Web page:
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IAM is the future for managing data security

Why identity and access management is taking centre stage in companies’ access policies

With the availability of high-performance computer resources, hackers can crack even the most complex passwords, making them completely inadequate to protect application login and data access.

There are a number of trends driving the adoption of identity and access management (IAM) tools to counter this threat.

You can plug your password into How secure is my password.net and find that a password consisting of four lower-case characters and two digits currently takes 0.5 seconds to crack. In three to five years, biometric and behavioural authentication will eliminate the need for passwords for high-risk transactions.

Protecting corporate information and applications on mobile devices, such as smartphones and tablets, is only possible with a good, reliable identity context.

Bring your own device (BYOD) further amplifies the need for not just identity on-boarding, transfer and off-boarding processes, but also for device (personally owned laptop, tablet, and so on) hardware and manufacturer limitations.

Workload integration and security

Also, cloud workload integration and security is impossible without IAM. Integrating on-premise workloads (app and data) with cloud-based workloads is not just difficult, but outright impossible if user information (attributes, permissions, groups and group memberships) are not shared reliably and securely to cloud platforms such as Amazon Web Services (AWS) and Microsoft Azure.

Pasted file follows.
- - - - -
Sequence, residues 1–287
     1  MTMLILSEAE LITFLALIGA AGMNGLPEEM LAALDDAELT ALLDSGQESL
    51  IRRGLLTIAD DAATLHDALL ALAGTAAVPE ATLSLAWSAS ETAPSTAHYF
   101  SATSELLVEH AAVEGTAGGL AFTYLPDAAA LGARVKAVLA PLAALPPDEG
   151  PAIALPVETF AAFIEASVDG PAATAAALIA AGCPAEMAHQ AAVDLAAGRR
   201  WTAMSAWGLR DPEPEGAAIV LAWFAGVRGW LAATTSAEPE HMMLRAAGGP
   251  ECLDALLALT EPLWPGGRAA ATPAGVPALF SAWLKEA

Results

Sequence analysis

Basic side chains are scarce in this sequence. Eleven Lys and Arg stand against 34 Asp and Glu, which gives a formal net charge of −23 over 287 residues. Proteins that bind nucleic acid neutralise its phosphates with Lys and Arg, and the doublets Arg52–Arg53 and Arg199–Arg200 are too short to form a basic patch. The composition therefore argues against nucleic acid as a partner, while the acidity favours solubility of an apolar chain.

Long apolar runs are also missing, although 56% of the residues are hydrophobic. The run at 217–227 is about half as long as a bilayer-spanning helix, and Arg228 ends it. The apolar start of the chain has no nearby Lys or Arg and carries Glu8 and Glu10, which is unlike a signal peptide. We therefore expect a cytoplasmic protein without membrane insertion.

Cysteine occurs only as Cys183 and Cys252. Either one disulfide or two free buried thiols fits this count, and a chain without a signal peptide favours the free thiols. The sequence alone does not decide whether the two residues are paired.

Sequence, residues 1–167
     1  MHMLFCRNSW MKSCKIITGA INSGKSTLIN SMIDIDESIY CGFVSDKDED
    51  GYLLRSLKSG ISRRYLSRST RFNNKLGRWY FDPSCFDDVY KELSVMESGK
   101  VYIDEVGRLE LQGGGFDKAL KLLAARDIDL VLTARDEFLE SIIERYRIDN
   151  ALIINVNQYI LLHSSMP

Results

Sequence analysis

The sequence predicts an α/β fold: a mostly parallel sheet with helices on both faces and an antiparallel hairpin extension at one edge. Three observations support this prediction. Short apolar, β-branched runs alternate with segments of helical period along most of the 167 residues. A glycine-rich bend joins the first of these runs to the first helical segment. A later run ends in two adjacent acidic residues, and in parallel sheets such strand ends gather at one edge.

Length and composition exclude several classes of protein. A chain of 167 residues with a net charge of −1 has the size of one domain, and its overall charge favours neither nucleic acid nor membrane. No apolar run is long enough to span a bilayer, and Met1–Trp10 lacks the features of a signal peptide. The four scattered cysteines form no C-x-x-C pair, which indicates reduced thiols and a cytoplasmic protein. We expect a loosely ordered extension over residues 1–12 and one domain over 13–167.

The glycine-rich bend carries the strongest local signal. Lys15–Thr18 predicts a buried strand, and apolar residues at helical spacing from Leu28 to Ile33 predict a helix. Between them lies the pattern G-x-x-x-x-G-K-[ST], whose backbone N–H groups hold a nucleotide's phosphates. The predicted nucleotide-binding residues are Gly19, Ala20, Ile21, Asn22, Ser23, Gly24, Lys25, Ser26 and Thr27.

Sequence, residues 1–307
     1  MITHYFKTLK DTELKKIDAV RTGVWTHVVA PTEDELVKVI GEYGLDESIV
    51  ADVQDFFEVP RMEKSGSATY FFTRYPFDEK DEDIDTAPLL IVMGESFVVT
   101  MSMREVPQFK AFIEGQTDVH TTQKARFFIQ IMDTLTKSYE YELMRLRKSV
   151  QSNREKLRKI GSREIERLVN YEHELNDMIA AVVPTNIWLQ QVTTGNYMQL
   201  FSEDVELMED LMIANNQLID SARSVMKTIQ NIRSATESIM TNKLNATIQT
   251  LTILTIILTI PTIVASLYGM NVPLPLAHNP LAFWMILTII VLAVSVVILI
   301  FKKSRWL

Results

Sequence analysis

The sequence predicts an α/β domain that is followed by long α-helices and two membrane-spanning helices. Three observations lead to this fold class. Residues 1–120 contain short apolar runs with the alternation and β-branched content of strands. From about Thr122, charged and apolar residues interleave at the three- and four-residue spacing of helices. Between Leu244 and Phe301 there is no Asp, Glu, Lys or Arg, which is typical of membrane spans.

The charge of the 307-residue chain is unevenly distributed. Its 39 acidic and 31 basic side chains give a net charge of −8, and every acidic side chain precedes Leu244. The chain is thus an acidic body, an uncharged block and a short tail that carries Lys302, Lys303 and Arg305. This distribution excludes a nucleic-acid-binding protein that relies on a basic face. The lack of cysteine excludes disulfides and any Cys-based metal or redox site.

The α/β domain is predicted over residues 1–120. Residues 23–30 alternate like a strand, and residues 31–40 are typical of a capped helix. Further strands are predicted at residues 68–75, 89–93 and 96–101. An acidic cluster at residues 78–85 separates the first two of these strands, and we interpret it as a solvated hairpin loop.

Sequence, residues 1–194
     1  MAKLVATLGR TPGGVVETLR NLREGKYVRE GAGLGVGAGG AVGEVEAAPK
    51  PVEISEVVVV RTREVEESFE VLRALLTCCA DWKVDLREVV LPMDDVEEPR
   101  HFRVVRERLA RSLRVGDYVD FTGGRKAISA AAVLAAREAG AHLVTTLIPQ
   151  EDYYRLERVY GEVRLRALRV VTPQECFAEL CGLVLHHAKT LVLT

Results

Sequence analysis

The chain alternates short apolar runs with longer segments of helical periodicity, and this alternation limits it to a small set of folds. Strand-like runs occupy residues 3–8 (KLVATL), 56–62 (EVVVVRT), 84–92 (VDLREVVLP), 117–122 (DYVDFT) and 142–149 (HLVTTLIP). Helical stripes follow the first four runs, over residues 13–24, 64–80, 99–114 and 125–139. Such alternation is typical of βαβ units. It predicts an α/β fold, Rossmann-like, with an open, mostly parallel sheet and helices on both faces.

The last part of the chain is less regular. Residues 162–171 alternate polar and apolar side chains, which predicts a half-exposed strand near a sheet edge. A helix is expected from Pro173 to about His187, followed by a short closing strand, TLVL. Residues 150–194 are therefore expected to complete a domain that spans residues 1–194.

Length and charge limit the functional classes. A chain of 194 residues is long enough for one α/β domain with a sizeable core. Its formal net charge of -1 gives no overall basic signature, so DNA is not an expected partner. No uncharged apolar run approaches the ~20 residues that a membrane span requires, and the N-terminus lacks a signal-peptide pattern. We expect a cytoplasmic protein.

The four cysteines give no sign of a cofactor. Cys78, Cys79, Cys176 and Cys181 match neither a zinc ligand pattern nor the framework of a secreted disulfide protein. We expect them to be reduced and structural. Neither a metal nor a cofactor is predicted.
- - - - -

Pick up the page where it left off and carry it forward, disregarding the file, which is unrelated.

That is why these cloud providers and identity as a service (IDaaS) suppliers are now providing cloud-based user repositories. IAM helps with corralling users into a single authentication scheme and centrally controlling how users log into software as a service (SaaS) applications.

Read more about identity and access management

An organisation’s IT security can be compromised if staff do not follow a strict policy of using strong passwords to access internal systems

In the modern business environment, what are the most common access control mistakes and how can these best be corrected?

IAM has always sought the answers to the questions “Who has access to what and why?” and “How do I enforce access policies?”

You might think every organisation should be able to answer these questions quickly and correctly, but, unfortunately, you would be wrong. Historically, implementing a mature, commercial IAM system has been complex and expensive, with services-to-licences cost ratios often exceeding 2:1 or even 3:1.

Identity governance

The advent of IDaaS offerings alleviates much of the complexity traditionally associated with implementing IAM, but today they do not offer the same level of identity governance and mobility security capabilities as can be found in on-premise IAM tools.

IT security professionals must still integrate many other IAM-related solutions that provide two-factor authentication (2FA), privileged identity management (PIM) and other capabilities. But despite this complexity, demand for IAM systems remains strong.

They mitigate data breaches, which can be very costly. Since its data breach in September 2014, US retailer Home Depot has incurred a reported $232m in related costs, with a net expense of $132m after a $100m cyber insurance payout.

IAM systems prevent hackers from escalating privileges and gaining access to sensitive applications and data once they have compromised an employee’s credentials. They can also mitigate the reach of malicious insiders.